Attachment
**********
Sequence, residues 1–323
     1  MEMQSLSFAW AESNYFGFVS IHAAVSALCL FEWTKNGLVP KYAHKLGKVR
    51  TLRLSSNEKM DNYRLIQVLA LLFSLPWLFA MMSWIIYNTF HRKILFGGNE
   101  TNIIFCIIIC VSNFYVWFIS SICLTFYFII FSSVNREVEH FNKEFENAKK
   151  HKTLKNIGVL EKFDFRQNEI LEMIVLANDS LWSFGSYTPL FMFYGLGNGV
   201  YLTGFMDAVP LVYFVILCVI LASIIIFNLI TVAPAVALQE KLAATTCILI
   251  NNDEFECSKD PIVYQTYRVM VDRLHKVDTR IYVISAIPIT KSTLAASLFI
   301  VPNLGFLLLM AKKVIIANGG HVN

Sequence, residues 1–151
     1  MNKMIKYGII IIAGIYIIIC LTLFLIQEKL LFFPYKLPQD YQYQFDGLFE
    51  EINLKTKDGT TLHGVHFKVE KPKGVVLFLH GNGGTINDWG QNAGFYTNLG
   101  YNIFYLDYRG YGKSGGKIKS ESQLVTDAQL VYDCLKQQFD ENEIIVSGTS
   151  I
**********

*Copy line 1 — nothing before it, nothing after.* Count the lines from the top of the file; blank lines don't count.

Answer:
Sequence, residues 1–323